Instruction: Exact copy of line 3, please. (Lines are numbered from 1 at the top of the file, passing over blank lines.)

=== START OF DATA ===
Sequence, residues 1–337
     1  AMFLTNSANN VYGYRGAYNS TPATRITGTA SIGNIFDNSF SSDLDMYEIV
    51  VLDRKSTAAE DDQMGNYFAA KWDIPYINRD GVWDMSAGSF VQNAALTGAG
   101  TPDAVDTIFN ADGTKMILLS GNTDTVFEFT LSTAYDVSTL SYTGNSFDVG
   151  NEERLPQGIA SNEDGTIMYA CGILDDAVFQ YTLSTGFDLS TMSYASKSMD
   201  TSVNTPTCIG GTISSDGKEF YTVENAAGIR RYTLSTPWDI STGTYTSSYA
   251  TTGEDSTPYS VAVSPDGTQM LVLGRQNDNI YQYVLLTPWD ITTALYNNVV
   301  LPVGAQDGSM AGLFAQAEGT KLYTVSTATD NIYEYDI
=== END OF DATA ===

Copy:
    51  VLDRKSTAAE DDQMGNYFAA KWDIPYINRD GVWDMSAGSF VQNAALTGAG